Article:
Wednesday, May 19, 2010

Boy - the movie

a couple of weeks ago a friend and i went to see the movie, Boy.
let me just say, i always find it fantastically refreshing to see "home" on the big screen instead of that recognisable, but personally unfamiliar, hollywood guff we usually must watch.
it was hilarious, but heart-breaking. i wondered if those watching it in cinemas overseas would be chortling at the things our audience chortled at - or, if they'd be "awww"-ing in pity? (or..if they'd even be able to understand the accents??!!)

this movie resonated with me, not just because i'm a kiwi but because i grew up in a very small (fantastic!) community on the west coast of new zealand. in the shadow of the Tainui waka's resting place. Specifically Waiharakeke (but then, every corner has it's own name, so maybe i should say Kinohaku or Hauturu, or near-Kawhia).

if there is any place that screams out home to me, it is this harbour inlet and these hills.
they are as much a part of me as my own brothers and sisters.

i grew up not realising words like e hoa (friend), pito (belly button), tutu ("mischevious fingers"), patero (pass wind), potae (hat), tito (telling lies) etc weren’t english words.
I went to school with a roll of around 25. and we either wore barefeet, jandals or gumboots. there were 2 teachers – one for the Junior Room, one for the Senior Room. the teachers were a husband and wife team.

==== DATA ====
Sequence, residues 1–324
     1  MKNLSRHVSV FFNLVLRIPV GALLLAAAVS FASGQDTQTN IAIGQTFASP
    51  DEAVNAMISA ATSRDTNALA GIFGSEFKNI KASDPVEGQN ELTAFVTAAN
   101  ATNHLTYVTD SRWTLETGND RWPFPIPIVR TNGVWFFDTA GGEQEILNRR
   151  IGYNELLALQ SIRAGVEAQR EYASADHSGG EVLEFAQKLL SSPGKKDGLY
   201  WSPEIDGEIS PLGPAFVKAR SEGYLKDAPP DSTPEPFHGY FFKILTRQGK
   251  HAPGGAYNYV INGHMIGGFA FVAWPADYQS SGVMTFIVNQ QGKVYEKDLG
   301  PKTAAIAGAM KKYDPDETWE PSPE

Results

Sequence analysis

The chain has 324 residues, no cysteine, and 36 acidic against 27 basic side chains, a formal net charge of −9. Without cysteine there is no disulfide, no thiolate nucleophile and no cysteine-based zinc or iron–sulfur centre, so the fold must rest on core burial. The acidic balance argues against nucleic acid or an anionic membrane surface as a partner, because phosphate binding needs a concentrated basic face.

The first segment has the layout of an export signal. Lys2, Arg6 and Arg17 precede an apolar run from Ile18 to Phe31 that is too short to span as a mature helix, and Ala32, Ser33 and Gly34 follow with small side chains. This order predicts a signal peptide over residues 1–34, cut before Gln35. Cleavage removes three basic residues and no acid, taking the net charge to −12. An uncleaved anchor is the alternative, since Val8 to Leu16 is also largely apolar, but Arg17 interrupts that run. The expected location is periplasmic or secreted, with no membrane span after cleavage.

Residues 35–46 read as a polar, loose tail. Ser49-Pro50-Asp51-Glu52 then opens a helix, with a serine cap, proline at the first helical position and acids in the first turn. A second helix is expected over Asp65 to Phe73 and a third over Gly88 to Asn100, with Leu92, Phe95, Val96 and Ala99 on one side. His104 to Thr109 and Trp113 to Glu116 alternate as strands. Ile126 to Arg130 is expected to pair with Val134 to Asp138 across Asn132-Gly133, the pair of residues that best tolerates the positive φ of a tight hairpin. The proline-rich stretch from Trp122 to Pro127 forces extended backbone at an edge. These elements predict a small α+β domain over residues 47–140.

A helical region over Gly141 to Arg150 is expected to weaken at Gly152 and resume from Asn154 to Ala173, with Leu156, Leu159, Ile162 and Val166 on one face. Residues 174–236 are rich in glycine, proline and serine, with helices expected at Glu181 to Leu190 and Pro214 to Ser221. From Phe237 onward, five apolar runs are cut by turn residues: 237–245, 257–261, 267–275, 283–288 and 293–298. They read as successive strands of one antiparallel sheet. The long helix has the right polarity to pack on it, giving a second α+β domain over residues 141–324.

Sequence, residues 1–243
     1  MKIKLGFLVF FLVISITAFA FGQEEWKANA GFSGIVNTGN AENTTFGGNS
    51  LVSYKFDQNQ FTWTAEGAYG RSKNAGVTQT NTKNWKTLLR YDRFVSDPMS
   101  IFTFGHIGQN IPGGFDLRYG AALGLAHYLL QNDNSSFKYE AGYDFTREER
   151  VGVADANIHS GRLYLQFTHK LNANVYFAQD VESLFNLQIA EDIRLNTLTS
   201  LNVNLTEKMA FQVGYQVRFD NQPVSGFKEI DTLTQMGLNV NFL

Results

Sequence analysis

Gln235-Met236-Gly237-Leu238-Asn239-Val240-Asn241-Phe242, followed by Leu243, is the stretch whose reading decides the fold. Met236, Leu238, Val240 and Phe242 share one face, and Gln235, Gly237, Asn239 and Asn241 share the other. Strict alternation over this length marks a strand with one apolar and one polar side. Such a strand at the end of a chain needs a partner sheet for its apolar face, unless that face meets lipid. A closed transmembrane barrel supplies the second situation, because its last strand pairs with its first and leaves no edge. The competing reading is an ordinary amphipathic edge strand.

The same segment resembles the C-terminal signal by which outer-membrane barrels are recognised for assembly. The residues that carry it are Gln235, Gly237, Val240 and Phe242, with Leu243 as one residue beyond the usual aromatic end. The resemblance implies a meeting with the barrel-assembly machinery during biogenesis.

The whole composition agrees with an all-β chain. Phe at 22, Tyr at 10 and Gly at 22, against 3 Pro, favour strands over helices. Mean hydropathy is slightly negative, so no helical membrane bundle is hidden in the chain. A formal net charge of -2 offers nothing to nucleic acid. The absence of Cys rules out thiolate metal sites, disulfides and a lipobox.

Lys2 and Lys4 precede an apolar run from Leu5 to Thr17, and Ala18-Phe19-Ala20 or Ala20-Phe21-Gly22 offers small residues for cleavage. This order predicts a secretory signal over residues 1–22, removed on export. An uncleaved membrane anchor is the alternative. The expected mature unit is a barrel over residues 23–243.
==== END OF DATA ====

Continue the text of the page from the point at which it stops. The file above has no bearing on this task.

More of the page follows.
i went to school with maori kids who had names like :
Poto (short),
Nigs (short for…well, yanno),
Bugs (short for Bugaloo),
Lorne (rumour has it he was born on the ‘lawn’, this is unconfirmed)…
and in fact, our local electrician was called Boy.
i never once thought any of these names were odd or unusual, until a few years after i’d left and gone off to boarding school (there’s another blog entry – or 3 – right there!) and some fresh-grad from the city began teaching at our little country school decided that it was entirely inappropriate to call a child Mumma and so, made everyone call her by her real name, Diana, from then on.
maybe she was right, but everything seemed to change with that awareness.
i began noticing differences. and with age the differences seem to grow like great big walls that i struggle to find ways around.
i miss those days of seeing the people first instead of the differences.
bah, adulthood.


  1. wow, what a great story! Thank you for sharing!


  2. I saw this movie a couple of week ago too, I grew up in Invercargill, but was 7 in 1984, the wee brother Rocky was the same age as me and that they lost their mum resonated with me too as the date on the grave were similar ages to my own mum.

    Its an awesome movie, a definite must see

  3. Im a kiwi and I would love to see this movie, but dont know if it will be shown in movies theatres here (australia)


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